Monday, June 7, 2010

Author Tosin Coker


As a young child, Tosin Coker developed a passion for literacy and writing, driven by her curiosity of what lay in the leaves of the books that kept her mother so enchanted. A foundation of reading and story telling established, she passionately embarked upon quenching her awakened thirst for books, fiction and non-fiction alike, ever-anticipating weekly visits to her local library with her beloved co-conspirator. It was her mother that acknowledged her predestined future as a writer, at least two decades before Tosin actively bore testimony to it herself, when in 2007 she penned her first novel, unwittingly becoming the first female, African British science fiction author.

What genre do you consider yourself?

Science fiction

Give us a synopsis of your most recent book.  

A follow up from the my first novel, 'Let Sleeping Gods Lie' continues the journey of our young heroine Destiny 'Teeny' Kingsley, as she awakens to the memory of her authentic self. She is a goddess of biblical proportions in the body of a pre-pubescent human.

What happens when a supreme being of infinite wisdom and power goes through puberty? For parents Maya and Derrick Kingsley? Nothing short of hell, as she threatens not only their lives, but also the fate of the world.

Let Sleeping Gods Lie is the highly anticipated sequel to 'The Mouth of Babes' and second book in the metaphysical/sci-fi trilogy.

Titles of all of your books

My author début: 'The Mouth of Babes' and its sequel - 'Let Sleeping Gods Lie'

What made you decide to become an author?

I didn't! My friends and family saw my potential to become an author long before I could see it in myself. A close friend challenged me to write “a feel good short story”, that somehow evolved into a book. I felt no need to publish, I was happy enough to have it sit on my shelf, but my friends would have none of it. You could say I just fell into the role from there.

What do you enjoy most about being an author?

The satisfaction of doing what I love most and being able to hold the end product in my hand. The feeling I get from receiving that first proof copy is what makes it all worthwhile. More so, the fact that I have something my future generations can relate to me with. To be able to research your ancestors and find that they wrote a book or created music, something through which one can interact and connect to the essence of who they were, is very powerful.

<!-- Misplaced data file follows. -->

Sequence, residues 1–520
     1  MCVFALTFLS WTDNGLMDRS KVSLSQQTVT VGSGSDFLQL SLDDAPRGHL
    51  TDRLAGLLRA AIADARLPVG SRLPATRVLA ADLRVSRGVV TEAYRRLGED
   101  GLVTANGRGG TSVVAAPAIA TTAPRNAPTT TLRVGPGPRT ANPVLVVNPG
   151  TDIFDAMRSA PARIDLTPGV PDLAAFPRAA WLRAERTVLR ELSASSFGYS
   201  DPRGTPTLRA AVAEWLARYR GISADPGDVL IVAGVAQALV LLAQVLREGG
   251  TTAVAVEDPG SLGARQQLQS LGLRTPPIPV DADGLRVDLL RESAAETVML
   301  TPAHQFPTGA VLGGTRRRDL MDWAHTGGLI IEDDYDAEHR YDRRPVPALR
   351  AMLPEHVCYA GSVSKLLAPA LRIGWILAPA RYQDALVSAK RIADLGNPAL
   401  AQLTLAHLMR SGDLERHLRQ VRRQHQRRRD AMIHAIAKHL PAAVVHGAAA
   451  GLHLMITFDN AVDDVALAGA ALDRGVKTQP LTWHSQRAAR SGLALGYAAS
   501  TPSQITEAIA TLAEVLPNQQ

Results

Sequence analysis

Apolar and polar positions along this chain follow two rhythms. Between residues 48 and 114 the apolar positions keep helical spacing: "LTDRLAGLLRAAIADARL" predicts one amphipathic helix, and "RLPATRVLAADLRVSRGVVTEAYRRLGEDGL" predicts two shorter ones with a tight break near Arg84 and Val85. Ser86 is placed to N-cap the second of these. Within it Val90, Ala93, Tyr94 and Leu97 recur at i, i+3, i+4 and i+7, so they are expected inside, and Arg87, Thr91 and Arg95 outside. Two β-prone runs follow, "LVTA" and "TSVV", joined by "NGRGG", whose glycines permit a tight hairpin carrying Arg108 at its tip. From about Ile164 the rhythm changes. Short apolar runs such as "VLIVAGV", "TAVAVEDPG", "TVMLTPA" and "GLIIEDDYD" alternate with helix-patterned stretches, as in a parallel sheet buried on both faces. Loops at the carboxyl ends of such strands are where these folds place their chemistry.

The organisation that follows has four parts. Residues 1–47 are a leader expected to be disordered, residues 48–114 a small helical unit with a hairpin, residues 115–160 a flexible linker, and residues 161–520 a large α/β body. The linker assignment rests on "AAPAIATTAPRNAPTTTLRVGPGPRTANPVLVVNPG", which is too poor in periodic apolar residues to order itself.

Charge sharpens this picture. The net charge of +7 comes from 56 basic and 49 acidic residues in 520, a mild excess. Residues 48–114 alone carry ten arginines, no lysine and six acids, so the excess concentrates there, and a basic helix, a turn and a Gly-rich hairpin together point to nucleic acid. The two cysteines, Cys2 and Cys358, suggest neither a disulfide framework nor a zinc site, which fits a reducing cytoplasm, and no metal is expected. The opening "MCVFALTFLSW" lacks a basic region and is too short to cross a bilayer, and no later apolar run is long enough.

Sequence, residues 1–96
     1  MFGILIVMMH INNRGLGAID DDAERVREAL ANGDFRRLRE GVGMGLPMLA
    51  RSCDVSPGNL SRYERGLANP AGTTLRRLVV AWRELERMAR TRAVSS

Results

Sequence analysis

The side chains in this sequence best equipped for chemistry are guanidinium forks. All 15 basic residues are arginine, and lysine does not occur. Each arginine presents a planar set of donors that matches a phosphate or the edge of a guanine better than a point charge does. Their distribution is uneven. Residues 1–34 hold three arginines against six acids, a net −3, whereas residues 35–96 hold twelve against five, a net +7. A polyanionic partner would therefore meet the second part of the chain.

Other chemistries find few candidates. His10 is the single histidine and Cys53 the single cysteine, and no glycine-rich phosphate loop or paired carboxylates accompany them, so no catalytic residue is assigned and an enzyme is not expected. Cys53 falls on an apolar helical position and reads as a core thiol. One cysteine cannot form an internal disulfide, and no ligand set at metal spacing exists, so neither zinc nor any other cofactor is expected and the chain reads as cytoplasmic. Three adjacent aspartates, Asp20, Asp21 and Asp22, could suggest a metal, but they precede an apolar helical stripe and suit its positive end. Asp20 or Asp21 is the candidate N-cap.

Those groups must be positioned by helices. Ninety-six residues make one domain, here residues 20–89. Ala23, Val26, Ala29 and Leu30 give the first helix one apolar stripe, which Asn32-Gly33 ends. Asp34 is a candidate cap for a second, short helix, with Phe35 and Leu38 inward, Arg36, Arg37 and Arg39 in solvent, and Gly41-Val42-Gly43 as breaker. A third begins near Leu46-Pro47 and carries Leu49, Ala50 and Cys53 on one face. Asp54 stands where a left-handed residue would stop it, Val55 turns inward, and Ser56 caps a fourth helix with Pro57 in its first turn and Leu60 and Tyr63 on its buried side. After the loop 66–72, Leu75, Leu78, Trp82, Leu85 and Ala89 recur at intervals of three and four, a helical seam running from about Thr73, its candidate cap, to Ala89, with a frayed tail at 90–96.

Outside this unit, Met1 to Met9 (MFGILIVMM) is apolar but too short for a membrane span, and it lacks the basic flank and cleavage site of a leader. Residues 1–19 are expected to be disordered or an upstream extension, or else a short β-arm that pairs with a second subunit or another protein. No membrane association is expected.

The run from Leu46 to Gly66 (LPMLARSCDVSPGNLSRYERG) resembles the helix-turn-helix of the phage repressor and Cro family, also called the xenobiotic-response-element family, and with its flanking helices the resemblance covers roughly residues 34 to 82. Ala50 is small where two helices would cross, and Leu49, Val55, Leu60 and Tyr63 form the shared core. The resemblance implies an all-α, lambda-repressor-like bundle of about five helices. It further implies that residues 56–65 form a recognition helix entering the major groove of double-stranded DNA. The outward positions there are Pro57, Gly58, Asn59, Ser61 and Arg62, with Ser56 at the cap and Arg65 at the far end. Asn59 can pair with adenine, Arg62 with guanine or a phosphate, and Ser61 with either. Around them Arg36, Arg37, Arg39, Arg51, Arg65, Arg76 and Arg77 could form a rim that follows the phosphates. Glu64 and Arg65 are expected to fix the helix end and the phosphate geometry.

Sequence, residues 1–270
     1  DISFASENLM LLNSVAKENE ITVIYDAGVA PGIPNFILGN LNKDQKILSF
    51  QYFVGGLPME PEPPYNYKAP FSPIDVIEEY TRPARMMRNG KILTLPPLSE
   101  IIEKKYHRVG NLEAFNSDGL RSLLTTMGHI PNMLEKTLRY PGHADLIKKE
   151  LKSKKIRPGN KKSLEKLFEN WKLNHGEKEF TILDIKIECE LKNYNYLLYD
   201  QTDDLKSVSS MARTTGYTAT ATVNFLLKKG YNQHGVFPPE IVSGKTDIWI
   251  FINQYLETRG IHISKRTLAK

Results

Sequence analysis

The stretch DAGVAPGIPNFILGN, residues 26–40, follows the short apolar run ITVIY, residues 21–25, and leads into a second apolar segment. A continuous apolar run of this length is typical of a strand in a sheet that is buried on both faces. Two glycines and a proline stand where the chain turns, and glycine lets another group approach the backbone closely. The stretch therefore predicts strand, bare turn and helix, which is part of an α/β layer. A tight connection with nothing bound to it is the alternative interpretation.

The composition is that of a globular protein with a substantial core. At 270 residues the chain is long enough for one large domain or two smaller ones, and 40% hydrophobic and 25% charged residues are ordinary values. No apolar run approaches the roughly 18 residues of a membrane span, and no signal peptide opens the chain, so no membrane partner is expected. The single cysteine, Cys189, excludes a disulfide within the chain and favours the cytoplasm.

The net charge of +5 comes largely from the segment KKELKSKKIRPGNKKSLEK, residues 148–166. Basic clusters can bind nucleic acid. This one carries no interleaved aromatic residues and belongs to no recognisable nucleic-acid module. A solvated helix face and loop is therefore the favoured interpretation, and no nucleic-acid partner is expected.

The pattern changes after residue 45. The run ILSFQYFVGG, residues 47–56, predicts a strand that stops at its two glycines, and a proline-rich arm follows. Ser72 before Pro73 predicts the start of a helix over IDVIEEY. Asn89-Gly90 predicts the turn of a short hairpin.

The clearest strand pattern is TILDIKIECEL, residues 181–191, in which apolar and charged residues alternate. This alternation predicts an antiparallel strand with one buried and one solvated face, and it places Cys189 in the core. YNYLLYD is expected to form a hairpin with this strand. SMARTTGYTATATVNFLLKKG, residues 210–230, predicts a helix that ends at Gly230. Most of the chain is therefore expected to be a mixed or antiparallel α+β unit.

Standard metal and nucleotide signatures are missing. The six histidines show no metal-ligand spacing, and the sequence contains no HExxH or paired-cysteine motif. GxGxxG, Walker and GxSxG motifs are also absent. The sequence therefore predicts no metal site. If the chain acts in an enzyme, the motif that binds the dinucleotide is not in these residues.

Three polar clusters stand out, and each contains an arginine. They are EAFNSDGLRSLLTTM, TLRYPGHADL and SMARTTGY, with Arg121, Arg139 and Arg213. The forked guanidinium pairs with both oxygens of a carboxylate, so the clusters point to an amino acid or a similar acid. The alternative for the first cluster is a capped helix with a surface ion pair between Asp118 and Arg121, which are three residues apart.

Do you read? Do you think it is essential for a writer to read?

Yes I do read a lot. I believe that it is fundamental that a writer should read. After all, to become a teacher, you must first be a student, though I choose not to do both at the same time. If I am reading a book other than my own, I consider myself to be officially taking time out.

Traditional publishing or self-publishing? Why?

Self-publishing. It is hard work and not for the faint hearted, but even if you are the most talented writer in the world, all it takes is one person in that field of traditional publishing to say otherwise. All the red tape can be very disheartening. The empowerment I have gained through doing for self is immeasurable, not to mention that I have a sincere interest in seeing myself succeed not only as an author, but in every other avenue that opens up as a result of becoming one.

How are you giving back to the literary community?

I teach others how to avoid the mistakes I have already made. I often have writers calling to seek anything from general motivation to CiP registration. I also have a talk show on where I give tips and recommendations, occasionally review, and interview other Nubian authors.